Motion Smoothing or No Motion Smoothing
So I don’t agree that disabling all motion smoothing on modern displays is the equivalent to showing a 24fps movie in the cinema, at least not perceptually.
However, I do agree that some implementations of motion smoothing leave something to be desired as it introduces something called “the soap opera effect” whereby a movie starts looking like a cheaply shot TV show.
But a lot of companies are now catching onto this and have massively improved their motion smoothing algorithms in recent years. If I only look at what JVC has done with their DILA projectors. When I first started watching my RS25 (HD950), I was annoyed that the 24fps judder was a lot worse on it than in the cinema – due to contrast and pixel persistence – but their newly introduced Clear Motion Drive was absolutely awful with film material.
Fast-forward to the RS500 / X7000 onwards, and the CMD implementation on the low setting became a lot more like emulating an optical print at half the brightness and many times less the contrast, while motion enhance was introduced to solve the bright object on dark background motion trails – with some success.
The same goes for LG OLEDs: when set up judiciously, motion smoothing works wonders to remove the extra visible judder that should not be there with film material originally shown on a less bright and less contrasty projector.
James Cameron’s Support of Filmmaker Mode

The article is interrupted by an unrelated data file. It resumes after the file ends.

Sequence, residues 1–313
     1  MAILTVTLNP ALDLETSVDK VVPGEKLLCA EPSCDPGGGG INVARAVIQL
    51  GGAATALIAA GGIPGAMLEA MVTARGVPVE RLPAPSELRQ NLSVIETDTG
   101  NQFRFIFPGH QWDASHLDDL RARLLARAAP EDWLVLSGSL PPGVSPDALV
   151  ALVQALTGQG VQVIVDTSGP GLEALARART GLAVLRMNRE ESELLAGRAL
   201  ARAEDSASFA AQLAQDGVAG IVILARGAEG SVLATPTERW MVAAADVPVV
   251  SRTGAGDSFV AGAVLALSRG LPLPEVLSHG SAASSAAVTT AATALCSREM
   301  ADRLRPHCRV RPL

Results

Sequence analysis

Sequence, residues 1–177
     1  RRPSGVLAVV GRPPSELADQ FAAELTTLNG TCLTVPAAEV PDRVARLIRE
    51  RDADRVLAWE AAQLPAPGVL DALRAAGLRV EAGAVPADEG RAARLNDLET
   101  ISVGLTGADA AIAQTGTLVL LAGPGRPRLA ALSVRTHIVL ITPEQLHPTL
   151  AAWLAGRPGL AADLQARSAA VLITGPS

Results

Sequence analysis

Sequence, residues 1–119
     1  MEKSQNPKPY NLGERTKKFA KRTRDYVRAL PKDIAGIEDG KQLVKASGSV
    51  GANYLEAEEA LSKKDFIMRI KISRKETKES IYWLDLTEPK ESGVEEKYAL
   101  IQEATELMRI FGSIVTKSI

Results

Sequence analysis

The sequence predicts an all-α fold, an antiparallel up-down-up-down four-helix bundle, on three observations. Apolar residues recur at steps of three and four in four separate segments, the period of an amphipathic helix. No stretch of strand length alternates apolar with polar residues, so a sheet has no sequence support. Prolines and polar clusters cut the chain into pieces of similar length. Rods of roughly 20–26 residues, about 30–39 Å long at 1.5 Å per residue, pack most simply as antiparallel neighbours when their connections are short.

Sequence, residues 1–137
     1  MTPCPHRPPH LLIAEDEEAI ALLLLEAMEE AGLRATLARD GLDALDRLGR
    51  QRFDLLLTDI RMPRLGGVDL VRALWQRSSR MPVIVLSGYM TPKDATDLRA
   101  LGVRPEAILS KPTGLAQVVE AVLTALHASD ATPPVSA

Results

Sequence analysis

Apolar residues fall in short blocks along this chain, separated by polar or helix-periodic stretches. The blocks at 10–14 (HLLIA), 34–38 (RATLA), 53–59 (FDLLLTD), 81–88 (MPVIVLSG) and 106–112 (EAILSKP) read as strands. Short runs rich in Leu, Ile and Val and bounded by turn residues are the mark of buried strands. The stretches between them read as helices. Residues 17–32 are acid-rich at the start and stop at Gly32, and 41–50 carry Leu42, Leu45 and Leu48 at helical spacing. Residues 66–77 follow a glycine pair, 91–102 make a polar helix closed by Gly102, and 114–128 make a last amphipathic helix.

James Cameron is obsessed with film picture, to the point that he created 25+ colour transfers for this movie Avatar for cinema release to align with the different light levels the cinemas were showing the movie, just so everyone could – perceptually – see the same turquoise – and other colours even if they only occupied the other 1% of the picture. Now that’s obsessive.
Even though James Cameron supported the introduction of Filmmaker Mode, during a recent interview about Avatar: The Way of Water, he expressed the same view I have had for years: disabling motion smoothing on a high-luminance, high-contrast display is NOT equivalent – perceptually – to showing the same movie at the cinema.
Finally, finally, finally, some bloody sense. I wasn’t going mad after all!
I have been trying to find the interview obsessively for the last hour. I am not sure if it was in print or YouTube, but will post it when I do. If you find it first, please post it the comments section. Considering how late this article is- by about 20 years – I am pressing publish – Cameron or no Cameron.
Do YOU have to use motion smoothing in your own home cinema? Absolutely not. You should use the setting that feels the most natural to your eyes and the least distracting. After all, that is all that matters.
However, I wanted to challenge the status quo because I’m sure I’m not the only one who finds judder somewhat more distracting on high-brightness, high-contrast displays. If you are in that camp, you are not alone. I hear you.
Now this doesn’t mean I use motion smoothing on all displays. I didn’t with my Epson UB6050, because firstly the implementation was awful, and secondly it didn’t really need it as the Epson isn’t what I would call high contrast, it is in the ballpark of a high-end DCI cinema projector.
But with an OLED or JVC projector, or even my QLED, I prefer to use it on low.
Again, your mileage may vary, and you are the only expert in your own setup.
What settings do you recommend for the LG OLEDs?
Great question, Edward. I’ll have to do a series on this per panel type.
But if you go into clear motion, configure the custom mode with de-judder between 0-3 and de-blur in the high ranges between 7-10. I think I remembered the scale correctly by memory. Let me know what looks best on your panel.